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NHS England has grand ambitions for changing how the health service buys around £17bn of non-NHS goods and services.

The plan is for procurement to be based at the level of integrated care systems. The ICS footprints will be the new base level for procurement activity, rather than individual providers. The idea is this brings economies of scale and cuts duplication and variation in the procurement process.

In practice, it means local trust teams are combining forces with neighbours, writing a procurement strategy to cover their ICS, appointing an ICS procurement lead, aligning their procurement systems and sharing commercial information.

However, the 42 ICSs in England are at different levels of development. Most have signed on to the idea of ICS-level procurement but only four have got as far as nominating an ICS procurement lead. Systems have told the centre they need more help.

NHSE has therefore put together guidance and support “on how to best structure ICS-based procurement activity”. It is also offering “implementation support” based on how mature a system is. The least advanced will get “extensive” support; it’ll be “light touch” for the most advanced.

Unanswered questions

A series of suspected governance failings at Royal Cornwall Hospitals Trust have been set out by NHS England/Improvement.

The regulator has published some details of a troubling report into RCHT, which raise a number of questions that need answering.

According to NHSE/I, there are “reasonable grounds to suspect” that RCHT decisions were being made “inappropriately outside of agreed governance processes and structures”, and that those decisions were made “in the interests of individuals, rather than in accordance with trust policy”.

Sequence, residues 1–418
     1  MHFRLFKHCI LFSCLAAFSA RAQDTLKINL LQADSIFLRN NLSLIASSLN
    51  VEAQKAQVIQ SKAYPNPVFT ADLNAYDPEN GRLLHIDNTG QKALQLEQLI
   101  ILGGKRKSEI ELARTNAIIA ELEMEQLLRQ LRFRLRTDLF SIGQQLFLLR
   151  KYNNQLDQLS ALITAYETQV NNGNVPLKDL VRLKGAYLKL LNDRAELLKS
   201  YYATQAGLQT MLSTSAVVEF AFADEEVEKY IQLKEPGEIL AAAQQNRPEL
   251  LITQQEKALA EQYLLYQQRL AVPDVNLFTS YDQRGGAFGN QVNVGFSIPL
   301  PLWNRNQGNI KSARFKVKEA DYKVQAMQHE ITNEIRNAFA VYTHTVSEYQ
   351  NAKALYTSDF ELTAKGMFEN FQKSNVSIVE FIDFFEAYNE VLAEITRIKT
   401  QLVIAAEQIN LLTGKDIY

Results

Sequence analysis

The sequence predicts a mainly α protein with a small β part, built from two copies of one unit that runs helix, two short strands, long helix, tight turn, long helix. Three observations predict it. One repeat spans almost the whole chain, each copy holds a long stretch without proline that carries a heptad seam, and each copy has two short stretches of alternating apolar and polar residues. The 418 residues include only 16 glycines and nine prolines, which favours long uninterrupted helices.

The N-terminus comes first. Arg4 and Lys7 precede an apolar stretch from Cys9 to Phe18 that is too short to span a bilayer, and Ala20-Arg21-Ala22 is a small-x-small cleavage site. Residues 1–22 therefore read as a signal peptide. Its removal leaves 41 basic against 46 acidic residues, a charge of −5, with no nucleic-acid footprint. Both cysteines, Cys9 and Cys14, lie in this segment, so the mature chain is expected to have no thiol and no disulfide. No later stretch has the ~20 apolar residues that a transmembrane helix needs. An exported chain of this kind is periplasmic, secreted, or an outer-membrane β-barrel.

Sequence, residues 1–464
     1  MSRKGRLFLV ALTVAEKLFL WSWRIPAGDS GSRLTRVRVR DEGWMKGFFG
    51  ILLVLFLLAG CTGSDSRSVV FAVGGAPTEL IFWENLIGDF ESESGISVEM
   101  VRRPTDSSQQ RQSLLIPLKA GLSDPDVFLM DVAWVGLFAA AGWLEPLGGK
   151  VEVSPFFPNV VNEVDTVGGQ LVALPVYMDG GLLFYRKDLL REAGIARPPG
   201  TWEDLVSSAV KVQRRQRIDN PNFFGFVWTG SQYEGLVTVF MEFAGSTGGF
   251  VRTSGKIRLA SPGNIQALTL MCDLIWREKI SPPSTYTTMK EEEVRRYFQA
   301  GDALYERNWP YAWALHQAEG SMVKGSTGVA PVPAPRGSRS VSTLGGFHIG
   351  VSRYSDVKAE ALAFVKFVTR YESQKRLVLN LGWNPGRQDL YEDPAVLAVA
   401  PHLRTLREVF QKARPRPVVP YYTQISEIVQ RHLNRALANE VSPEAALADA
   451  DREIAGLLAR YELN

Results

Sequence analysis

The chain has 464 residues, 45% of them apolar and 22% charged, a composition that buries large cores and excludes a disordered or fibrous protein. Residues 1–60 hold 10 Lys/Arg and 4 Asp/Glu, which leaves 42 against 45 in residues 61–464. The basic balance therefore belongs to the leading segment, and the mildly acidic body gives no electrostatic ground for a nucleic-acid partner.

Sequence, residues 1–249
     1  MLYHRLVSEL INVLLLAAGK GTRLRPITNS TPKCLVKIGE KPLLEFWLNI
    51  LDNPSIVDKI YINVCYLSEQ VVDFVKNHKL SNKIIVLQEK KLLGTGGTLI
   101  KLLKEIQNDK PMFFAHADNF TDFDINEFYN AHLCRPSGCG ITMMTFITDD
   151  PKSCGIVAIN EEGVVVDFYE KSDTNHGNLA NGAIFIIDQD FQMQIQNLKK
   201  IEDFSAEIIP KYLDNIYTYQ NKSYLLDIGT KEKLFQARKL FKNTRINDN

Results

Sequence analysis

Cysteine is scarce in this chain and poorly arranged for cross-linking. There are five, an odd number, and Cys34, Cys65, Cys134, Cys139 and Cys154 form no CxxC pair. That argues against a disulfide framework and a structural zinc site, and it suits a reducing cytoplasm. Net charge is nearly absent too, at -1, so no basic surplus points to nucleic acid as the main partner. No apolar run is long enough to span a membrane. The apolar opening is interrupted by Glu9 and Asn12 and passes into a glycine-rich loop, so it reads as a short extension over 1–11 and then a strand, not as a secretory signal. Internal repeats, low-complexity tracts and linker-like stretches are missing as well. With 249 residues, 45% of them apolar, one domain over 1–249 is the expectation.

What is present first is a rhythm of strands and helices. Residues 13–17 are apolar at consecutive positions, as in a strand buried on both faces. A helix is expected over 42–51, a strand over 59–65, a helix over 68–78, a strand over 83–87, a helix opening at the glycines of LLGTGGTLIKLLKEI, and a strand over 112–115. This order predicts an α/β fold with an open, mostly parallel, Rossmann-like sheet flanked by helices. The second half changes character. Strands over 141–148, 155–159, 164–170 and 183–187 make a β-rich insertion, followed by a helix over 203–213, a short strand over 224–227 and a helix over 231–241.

Those decisions also are suspected to have been made by people without the appropriate authority, and there is also a “potential loss of funds” to contend with.

The independent report has not been published, and there is currently nothing in the public domain which explains who the individuals in question are or what action has been taken in regards to the alleged improper decision making and use of public funds.

HSJ last month reported that whistleblowers had raised concerns about RCHT board members being paid thousands of pounds inappropriately, with the trust confirming that “incorrect payments” had been made.

Has the lost funding been recovered? Why the payments made in the first place? Who signed them off? There are many questions.

Finally, what role has the trust’s CEO Kate Shields played in this damaging episode for the trust?

Her new appointment as CEO of the Cornwall and Isles of Scilly Integrated Care System – despite having presided over such serious alleged breaches of governance – raises perhaps the most significant question of all.